Sunday, March 20, 2016

Dying, With Nothing to Say - NYTimes.com

Do we expect too much from our goodbyes? "I realized that while nearly everyone has a fantasy of a “last conversation” with someone they love, very few people actually have it. It is the fantasy of resolving all conflicts, of emotional catharsis, that rarely ever comes to pass, because the habits of reticence or resentment that were there the whole time are still there, because the proximity of death does not transform personalities, or compel us to cut through to the heart of things, however much we want it to. Even in a drawn-out death, when there is technically plenty of time, the last conversation usually materializes only in parodic form. Take Susan Sontag’s mother, with whom she had a very knotty relationship, whose last words to her daughter were “What are you doing here? Why don’t you go back to the hotel?” Instead of an elegant ending, most of us are left with this unruly irresolution, this muddled cutting off....We have an idea that when someone is dying, a new, honest, generous space opens up; that in the harrowing awfulness of dying there is a directness, an expansiveness, a loosening of inhibitions, the potential for things to be said that could not be said before. But if one does actually manage to pull off a last conversation, what can it be but a few words in a lifetime of talk? How can it be enough?"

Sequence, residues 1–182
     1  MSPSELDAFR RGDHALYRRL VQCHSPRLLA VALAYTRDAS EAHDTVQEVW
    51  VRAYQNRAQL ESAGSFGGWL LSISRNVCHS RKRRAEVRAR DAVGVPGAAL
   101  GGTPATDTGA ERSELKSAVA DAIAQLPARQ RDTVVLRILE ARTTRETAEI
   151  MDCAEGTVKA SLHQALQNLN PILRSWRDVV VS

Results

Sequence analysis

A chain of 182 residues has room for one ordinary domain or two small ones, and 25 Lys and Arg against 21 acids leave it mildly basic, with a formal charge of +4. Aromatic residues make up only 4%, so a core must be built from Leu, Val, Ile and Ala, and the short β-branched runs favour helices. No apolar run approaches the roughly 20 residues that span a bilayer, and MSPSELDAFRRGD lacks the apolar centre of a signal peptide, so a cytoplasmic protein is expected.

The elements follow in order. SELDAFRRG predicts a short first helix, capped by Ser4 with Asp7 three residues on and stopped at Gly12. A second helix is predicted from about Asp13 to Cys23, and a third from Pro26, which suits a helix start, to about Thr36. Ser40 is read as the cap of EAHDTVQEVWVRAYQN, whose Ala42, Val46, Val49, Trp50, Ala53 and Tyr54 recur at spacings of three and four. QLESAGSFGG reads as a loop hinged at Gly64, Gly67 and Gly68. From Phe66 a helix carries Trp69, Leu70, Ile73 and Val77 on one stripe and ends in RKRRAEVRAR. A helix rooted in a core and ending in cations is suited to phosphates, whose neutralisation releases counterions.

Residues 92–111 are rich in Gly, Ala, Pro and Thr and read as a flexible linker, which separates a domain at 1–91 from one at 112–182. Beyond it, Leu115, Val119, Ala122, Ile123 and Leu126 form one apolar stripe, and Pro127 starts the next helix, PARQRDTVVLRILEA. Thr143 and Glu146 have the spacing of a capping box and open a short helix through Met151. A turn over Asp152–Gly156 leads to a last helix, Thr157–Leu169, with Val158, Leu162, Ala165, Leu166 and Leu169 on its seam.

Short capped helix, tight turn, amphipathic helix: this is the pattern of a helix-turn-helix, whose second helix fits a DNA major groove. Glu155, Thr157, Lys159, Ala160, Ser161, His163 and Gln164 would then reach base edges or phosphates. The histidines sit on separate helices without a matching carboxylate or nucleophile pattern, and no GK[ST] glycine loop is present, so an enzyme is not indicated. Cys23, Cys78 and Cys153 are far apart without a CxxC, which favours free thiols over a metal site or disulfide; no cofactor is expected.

Dying, With Nothing to Say - NYTimes.com

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